Rosa Luxemburg's question remains unanswered despite the fact ' that the continued functioning of the Earth system as it has supported the well being of human civilization in recent centuries is at risk."
In the opening scenes of Ridley Scott's 1982 film Bladerunner, we are introduced to a nightmarish Los Angeles of the future.
The social and economic infrastructure of society has effectively collapsed while the environment has been exploited and destroyed by a profit-driven economic system. The beneficiaries of this exploitation are the rich, many of whom have left Earth for other planets and other sources of exploitation, leaving the working class to struggle for survival in the muck and the acid rain.
It is a world where the vast Tyrell Corporation dominates and prevails, protected by an ever-present police force and widespread surveillance. The working class live in slums while Eldon Tyrell lives in a palace.
This is often described as a dystopian vision of the future but I like to think of it as Luxemburgian although it has probably been said before.
But, unlike the term 'Orwellian', 'Luxemburgian' is unlikely to become part of the popular vocabulary. While Orwell's 'Big Brother' has become part of popular culture, Luxemburg's 'Socialism or Barbarism?' has not.
It was Fredreich Engels who wrote "Bourgeois society stands at the crossroads, either transition to Socialism or regression into Barbarism." but it was the revolutionary socialist Rosa Luxemburg who, again and again, warned that if the socialist movement failed in its historical task, capitalism would destroy the world.
She wrote that Humankind was facing a stark alternative: 'Dissolution and downfall in capitalist anarchy, or regeneration through the social revolution.” (A Call to the Workers of the World.)
We, the people of this world, either win this world for us or we allow it to be exploited and destroyed by the global corporations and the bourgeois governments that do their bidding. Either socialism or barbarism. That is the stark choice we are confronted with.
It was a theme that was picked up by Hugo Chavez in 2006 when he said in a speech:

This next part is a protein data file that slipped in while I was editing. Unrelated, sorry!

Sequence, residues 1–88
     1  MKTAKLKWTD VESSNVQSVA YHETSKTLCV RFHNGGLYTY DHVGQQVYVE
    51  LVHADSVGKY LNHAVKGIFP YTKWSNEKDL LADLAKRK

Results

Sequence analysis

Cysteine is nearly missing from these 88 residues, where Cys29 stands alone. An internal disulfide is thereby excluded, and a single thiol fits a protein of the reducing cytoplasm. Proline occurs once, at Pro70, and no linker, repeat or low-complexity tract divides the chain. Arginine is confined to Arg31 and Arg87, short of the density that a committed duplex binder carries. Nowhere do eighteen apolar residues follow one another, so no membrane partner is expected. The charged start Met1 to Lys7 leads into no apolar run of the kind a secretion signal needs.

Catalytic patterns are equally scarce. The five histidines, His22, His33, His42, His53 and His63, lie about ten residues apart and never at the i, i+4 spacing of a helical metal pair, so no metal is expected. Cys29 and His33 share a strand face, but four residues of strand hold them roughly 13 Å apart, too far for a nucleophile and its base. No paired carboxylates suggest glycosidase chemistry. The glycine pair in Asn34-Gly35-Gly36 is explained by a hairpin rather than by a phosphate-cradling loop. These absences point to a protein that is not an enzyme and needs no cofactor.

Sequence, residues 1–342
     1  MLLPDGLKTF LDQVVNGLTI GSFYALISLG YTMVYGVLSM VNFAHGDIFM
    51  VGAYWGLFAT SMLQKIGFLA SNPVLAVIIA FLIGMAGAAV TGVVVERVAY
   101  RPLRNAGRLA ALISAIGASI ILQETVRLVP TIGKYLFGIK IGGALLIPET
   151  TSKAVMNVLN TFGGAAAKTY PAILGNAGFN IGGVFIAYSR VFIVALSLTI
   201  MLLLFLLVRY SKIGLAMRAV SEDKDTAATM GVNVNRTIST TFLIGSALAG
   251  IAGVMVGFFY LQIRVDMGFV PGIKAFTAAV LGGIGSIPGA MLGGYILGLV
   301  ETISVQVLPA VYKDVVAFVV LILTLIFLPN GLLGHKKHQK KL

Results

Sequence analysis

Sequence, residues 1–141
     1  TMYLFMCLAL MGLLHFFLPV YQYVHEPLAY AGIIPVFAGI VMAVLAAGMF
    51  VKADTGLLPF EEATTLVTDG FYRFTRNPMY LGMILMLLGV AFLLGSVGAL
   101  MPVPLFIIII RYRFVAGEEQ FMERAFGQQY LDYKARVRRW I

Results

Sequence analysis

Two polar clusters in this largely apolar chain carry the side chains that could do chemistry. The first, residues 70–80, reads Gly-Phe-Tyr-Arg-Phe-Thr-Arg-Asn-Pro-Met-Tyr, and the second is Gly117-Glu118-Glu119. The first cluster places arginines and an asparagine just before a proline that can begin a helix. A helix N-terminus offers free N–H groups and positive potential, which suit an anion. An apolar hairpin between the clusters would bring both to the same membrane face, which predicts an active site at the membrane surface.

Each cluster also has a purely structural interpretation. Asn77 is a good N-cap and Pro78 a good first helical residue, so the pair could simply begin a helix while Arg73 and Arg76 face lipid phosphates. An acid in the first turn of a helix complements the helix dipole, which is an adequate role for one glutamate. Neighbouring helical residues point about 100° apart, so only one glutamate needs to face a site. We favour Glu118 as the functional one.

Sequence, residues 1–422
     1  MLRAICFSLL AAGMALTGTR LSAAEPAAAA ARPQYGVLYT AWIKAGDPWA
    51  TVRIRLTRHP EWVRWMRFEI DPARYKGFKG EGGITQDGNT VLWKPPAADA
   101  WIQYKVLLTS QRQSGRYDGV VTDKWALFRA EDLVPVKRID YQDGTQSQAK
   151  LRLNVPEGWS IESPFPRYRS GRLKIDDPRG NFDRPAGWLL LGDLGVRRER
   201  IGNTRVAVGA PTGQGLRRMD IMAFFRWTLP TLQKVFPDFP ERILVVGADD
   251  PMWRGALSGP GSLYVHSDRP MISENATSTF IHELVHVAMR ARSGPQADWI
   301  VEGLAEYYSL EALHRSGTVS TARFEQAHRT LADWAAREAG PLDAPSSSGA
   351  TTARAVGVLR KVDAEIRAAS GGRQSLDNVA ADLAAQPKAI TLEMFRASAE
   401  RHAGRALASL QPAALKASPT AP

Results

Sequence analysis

“The choice before humanity is socialism or barbarism. … When Rosa Luxemburg made this statement, she was speaking of a relatively distant future. But now the situation of the world is so bad that the threat to the human race is not in the future, but now.”
Is this not but true when we look at the condition of the world today and the conditions that people are forced to live in?
Last year some of the world's leading expert's on global environmental change said in statement: "Research now demonstrates that the continued functioning of the Earth system as it has supported the well being of human civilization in recent centuries is at risk."
In 2006 the United Nations estimated that more than one billion people were living in slums in the cities of the south. In his brilliant book Planet of Slums (2002), Mike Davis writes: “Global inequality, as measured by World Bank economists across the entire world population, reached an incredible GINI coefficient level of 0.67 by the end of the century—this is mathematically equivalent to a situation where the poorest two thirds of the world receive zero income, and the top third receives everything”
Nearly three billion people are forced to live on less than two dollars a day. Meanwhile the rich live in protected enclaves.
Mike Davis echoes Luxemburg when he writes that reforms are not enough because they merely treat the symptoms rather than the cause: economic and political inequality. The solution, says Davis, is the transformation of capitalism by the global working class.
In his book Socialism or Barbarism: From the “American Century” to the Crossroads (2001), István Mészáros writes that in its pursuit of profit capitalism has abandoned any larger historical cause and that even in the supposed more 'prosperous' western countries unemployment has become structural and conditions of life have become more onerous for most of the population.
So the choice is, as Luxemburg wrote, either socialism or barbarism. There is no third way. There is no 'kinder and gentler' capitalism. There is no green capitalism. There is no 'reformist' path to a better world - the view of social democrat Eduard Bernstein that Luxemburg so brilliantly demolished in her essay Reform or Revolution? Capitalism cannot cure itself.
We choose socialism or we choose barbarism. But the continuation of capitalism, as Luxemburg writes,can only lead to a new Dark Age:
“The collapse of all civilization as in ancient Rome, depopulation, desolation, degeneration — a great cemetery.” (The Junius Pamphlet: The Crisis in German Social Democracy).